Airhihenbuwa CO. Perspectives on AIDS in Africa: strategies for prevention and control. AIDS Educ Prev. 1989;1(1):57-69.

We believe poetry is not a luxury. They put to words what we feel within and dare make real or bring into action, our fears, our pain, our power. They also probe the present, clarify the past, and enlighten the future. They help transform silence into action, engaging both emotionally and intellectually. We believe poetry can be used to shape the public’s health. Not as luxury as Audre Lorde once mentioned, but to scrutinize our lives, to bring change, to bring hope to lives long forgotten and excluded in public health. Poetry Is Not a Luxury Prize is based on Audre’s Lorde invitation to use poetry as a vital necessity of our existence, our hopes, our dreams towards survival and change, first made into language, then an idea, then action. So, poetry is not a luxury for us. It is a life and death affair that we believe can be used to light up the public’s health, to center the public in health. Our top poem will win $500. The second-place winner will win $375, and the third-place winner will win $125.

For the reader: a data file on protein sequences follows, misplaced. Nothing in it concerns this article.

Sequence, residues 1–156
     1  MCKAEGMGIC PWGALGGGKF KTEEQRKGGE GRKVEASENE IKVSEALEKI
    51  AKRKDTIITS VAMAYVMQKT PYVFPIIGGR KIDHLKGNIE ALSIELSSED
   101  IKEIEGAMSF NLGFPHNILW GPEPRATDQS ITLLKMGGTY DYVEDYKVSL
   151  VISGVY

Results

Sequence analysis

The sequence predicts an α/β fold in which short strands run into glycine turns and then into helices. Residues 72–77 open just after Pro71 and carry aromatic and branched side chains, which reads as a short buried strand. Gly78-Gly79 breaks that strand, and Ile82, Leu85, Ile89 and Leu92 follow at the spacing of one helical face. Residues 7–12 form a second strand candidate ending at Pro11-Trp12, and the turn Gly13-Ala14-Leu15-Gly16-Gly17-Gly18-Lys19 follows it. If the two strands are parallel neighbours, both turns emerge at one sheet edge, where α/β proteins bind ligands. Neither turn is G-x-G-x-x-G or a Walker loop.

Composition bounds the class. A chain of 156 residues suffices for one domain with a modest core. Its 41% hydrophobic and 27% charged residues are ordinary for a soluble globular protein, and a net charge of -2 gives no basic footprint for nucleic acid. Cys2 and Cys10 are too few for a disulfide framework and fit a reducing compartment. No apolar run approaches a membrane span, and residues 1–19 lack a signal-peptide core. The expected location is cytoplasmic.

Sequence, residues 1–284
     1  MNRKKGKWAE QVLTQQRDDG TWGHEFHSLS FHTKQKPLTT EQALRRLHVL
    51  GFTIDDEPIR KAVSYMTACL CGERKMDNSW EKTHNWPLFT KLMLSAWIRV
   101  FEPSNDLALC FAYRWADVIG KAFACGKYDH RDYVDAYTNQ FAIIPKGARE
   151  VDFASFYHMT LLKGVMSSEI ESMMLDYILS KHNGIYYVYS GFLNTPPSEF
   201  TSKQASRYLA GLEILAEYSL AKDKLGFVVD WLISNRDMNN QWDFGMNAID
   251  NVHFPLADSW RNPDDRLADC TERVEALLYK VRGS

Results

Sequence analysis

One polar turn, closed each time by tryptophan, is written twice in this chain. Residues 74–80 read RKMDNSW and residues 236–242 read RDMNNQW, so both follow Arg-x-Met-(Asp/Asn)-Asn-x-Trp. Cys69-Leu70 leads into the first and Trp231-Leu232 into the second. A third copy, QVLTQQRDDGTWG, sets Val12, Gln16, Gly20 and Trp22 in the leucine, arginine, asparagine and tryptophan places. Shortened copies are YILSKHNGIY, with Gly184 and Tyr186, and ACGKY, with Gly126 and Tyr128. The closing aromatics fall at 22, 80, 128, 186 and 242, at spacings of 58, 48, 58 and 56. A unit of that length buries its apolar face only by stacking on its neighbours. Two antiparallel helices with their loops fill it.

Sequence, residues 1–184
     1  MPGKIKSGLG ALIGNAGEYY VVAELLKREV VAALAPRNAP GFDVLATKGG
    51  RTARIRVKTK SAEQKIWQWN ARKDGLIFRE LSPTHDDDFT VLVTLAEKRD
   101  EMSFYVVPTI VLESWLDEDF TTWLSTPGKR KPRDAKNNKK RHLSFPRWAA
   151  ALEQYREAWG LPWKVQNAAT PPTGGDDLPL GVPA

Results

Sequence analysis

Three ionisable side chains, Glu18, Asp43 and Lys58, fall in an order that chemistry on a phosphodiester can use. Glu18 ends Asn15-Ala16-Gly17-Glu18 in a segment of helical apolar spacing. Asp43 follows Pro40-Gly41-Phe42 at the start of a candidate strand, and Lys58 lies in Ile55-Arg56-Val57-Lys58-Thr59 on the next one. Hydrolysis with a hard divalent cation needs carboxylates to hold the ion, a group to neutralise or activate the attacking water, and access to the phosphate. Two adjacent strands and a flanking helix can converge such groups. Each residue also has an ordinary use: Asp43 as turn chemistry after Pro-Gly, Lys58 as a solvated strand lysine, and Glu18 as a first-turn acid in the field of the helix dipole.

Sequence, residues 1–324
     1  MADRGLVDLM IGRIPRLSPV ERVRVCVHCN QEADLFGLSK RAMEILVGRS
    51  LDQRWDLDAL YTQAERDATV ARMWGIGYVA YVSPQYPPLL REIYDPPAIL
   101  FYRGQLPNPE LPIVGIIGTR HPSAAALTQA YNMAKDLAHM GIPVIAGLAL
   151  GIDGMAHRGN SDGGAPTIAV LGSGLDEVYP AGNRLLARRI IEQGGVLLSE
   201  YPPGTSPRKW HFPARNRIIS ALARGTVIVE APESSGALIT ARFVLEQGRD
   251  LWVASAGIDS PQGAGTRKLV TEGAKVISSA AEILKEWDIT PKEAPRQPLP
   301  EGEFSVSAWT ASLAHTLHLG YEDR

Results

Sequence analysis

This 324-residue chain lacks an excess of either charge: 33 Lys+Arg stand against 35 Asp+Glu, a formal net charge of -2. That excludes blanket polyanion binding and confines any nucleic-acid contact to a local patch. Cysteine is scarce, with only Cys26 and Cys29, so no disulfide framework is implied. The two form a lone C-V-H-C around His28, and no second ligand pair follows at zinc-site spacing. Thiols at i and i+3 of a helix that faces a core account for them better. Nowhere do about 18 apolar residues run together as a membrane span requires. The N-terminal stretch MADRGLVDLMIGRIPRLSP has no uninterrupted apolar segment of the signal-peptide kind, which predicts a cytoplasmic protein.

Lorde A. Poetry Is Not A Luxury. Osnabrück: Druck- & Verlagscooperative; 1993.

We believe art can be used as a bridge to center the public in health, a foundation for what has never been before. Art can be used to express what we have and long for within the public’s health; our courage to see, to feel, to speak, to dare can be made real through art. We also believe that art can be useful and entertaining to promote the public’s health. Arts for Public Health Prize is modeled after Derek Griffith and Andrea Semlow’s invitation to use art to help people unlearn misinformation about the public’s health, to eliminate or mitigate the health effects of racism, to decolonize the public’s health, and to communicate hope, resilience, and strength amid what seems impossible. We want your art to be in the service of the public’s health, to center the public in public health, and to inspire a re-imagined public health. Our top art piece will win $500. The second-place winner will win $375, and the third-place winner will win $125.